Meningitis: act without delay

24 April 2017

As we mark World Meningitis Day on 24 April, Meningitis Research Foundation (MRF) is raising awareness of the disease. The charity sets out the types and symptoms practitioners should be aware of and highlights the importance of immunisation.

Healthcare professionals working with babies and children in community settings are ideally placed to inform parents about the symptoms of meningitis, as well as the vaccines that are available as part of the immunisation schedule.

Meningitis – the inflammation of the lining around the brain and spinal cord – can be either bacterial or viral. The former is life threatening: bacterial meningitis and septicaemia (the blood poisoning form of the disease) can kill in hours and early diagnosis and treatment give the best chance of survival. While viral meningitis can be very unpleasant, it is almost never life threatening and most people make a full recovery.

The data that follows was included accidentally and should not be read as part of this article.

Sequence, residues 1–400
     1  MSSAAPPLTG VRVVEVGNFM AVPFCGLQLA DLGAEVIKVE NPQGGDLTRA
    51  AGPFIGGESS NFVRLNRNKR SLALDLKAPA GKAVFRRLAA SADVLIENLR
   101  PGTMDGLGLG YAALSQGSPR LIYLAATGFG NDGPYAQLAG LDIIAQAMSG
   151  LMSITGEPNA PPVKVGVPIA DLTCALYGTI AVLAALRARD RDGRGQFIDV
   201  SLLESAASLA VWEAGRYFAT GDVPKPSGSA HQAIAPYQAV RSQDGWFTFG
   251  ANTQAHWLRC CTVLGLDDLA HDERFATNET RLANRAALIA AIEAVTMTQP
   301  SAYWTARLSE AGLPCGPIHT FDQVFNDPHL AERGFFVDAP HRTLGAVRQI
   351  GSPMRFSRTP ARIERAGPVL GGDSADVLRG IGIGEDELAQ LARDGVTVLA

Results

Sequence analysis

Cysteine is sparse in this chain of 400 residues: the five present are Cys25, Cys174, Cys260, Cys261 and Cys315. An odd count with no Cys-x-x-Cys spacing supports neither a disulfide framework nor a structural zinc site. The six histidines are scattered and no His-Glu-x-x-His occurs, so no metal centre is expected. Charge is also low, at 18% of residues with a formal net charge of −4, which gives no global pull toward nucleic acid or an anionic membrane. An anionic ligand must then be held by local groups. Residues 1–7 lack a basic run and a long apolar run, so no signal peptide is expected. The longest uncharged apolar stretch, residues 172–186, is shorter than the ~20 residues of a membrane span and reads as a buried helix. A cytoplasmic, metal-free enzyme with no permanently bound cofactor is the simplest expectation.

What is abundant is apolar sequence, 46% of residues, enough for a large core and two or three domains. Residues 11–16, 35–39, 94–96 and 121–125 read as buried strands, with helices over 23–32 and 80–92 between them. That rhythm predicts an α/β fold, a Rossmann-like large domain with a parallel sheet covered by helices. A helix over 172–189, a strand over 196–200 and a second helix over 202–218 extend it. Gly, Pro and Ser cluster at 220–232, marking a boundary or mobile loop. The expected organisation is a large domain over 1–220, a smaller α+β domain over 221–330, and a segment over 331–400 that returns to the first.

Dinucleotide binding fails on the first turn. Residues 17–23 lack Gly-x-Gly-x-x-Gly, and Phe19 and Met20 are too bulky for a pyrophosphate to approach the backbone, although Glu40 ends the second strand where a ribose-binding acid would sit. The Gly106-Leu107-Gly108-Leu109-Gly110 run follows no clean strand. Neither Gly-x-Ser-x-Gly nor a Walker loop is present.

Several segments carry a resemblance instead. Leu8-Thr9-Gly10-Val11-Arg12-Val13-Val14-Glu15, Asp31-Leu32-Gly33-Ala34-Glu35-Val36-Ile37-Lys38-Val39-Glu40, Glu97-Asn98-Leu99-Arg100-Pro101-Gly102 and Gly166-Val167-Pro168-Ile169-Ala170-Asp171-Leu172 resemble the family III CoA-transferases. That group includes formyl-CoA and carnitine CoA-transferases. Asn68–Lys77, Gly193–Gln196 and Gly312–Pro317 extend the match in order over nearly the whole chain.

Bacterial and viral meningitis can often present with similar symptoms including: headache, dislike of bright lights, neck stiff ness, fever and nausea or vomiting. Patients may also develop a rash or have muscle pain.

Since it’s not possible to reliably distinguish bacterial from viral meningitis on the basis of signs and symptoms, any child with suspected meningitis should be taken to hospital for further investigation and possible treatment.

Young infants are a particularly vulnerable group: any baby under one month of age with a fever should be taken to hospital for investigation, as should babies under three months with fever who appear unwell.

Community practitioners play an important role in educating parents about the signs and symptoms of serious illnesses, including meningitis and septicaemia, and discussing with them the best course of action when they are worried about an unwell child.